Oklahoma lawmakers look to pre-empt medical marijuana vote with regulation

In the face of Oklahoma’s upcoming medical cannabis legalization vote on June 26, the state’s Senate and House of Representatives each passed medical marijuana regulation bills.

The measures – Senate Bill 1120 and House Bill 3468 – would respectively restrict MMJ patients to those suffering from “serious” medical conditions and create an MMJ commission to help craft rules for a potential industry, Oklahoma City TV station KFOR reported.

Both measures were approved Thursday by their respective chambers.

The Senate bill is tantamount to MMJ legalization, according to KFOR.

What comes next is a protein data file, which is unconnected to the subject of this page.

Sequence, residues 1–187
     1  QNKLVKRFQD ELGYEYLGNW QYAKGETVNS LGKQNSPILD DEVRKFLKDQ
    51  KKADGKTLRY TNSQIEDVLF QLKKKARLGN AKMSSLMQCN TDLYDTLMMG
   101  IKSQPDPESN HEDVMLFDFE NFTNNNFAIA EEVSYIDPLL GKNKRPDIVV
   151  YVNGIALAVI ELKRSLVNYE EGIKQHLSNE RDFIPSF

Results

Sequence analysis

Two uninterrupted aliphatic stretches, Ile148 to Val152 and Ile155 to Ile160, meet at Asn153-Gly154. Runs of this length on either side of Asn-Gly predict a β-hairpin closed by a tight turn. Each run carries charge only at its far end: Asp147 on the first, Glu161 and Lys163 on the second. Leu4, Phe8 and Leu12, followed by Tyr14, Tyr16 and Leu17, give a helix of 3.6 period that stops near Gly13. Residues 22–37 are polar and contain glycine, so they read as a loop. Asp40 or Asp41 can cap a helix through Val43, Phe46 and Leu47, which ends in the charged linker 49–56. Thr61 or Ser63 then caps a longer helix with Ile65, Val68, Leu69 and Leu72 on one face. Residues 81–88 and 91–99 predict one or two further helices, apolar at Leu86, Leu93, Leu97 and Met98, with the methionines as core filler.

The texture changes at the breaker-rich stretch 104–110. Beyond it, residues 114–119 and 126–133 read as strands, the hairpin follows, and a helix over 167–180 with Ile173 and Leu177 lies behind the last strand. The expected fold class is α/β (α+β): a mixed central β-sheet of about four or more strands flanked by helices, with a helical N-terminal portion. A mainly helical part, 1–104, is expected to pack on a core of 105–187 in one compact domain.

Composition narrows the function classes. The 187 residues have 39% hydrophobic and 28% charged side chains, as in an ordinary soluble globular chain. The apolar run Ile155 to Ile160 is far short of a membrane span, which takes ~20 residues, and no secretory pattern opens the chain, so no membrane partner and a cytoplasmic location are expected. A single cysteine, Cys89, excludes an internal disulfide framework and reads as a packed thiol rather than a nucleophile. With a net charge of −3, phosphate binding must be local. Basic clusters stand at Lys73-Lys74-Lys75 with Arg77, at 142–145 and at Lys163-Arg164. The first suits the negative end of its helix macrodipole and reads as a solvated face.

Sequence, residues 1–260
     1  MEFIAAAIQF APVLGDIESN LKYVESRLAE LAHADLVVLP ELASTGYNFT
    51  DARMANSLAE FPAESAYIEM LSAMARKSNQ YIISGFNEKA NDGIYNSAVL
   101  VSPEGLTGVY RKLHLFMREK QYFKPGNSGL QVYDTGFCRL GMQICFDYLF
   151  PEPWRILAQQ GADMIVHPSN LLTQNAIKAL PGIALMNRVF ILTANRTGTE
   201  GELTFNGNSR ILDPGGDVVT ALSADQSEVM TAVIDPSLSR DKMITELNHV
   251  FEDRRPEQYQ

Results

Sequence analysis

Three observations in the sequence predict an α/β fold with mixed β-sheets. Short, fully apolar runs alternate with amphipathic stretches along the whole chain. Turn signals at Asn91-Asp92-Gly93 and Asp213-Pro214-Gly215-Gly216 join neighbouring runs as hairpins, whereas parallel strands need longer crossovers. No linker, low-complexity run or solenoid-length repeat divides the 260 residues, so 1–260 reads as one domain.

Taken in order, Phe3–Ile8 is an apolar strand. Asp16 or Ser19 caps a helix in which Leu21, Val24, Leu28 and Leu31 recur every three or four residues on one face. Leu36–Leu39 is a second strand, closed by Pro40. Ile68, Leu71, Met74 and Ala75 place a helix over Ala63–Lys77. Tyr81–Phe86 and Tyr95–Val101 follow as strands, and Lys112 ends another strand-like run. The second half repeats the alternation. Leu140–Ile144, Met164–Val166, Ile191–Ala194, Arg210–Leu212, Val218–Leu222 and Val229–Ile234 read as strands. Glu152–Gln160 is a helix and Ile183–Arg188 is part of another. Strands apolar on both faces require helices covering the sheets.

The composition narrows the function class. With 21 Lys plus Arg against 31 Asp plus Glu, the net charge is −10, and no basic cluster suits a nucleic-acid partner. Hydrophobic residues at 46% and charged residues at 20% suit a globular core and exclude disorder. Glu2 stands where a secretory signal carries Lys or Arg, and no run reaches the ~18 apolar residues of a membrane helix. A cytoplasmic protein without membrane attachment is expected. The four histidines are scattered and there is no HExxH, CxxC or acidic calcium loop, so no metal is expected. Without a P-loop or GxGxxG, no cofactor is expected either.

But it’s a much more conservative approach than State Question 788, which would allow any adult 18 or older to become an MMJ patient for any medical reason with the approval of a board-certified physician.

Because of the measure’s open-ended nature, some lawmakers view the ballot question as de facto recreational legalization.

SB 1120, by contrast, would allow for only a restrictive qualifying condition list, including:

  • Neuropathic pain
  • Persistent muscle spasms due to multiple sclerosis or paraplegia
  • Intractable nausea, vomiting or weight loss due to cancer or HIV/AIDS
  • Terminally ill patients with a life expectancy of one year or less

According to KFOR, conditions not covered for MMJ patients under SB 1120 include:

  • Post-traumatic stress disorder
  • Seizures
  • Anxiety

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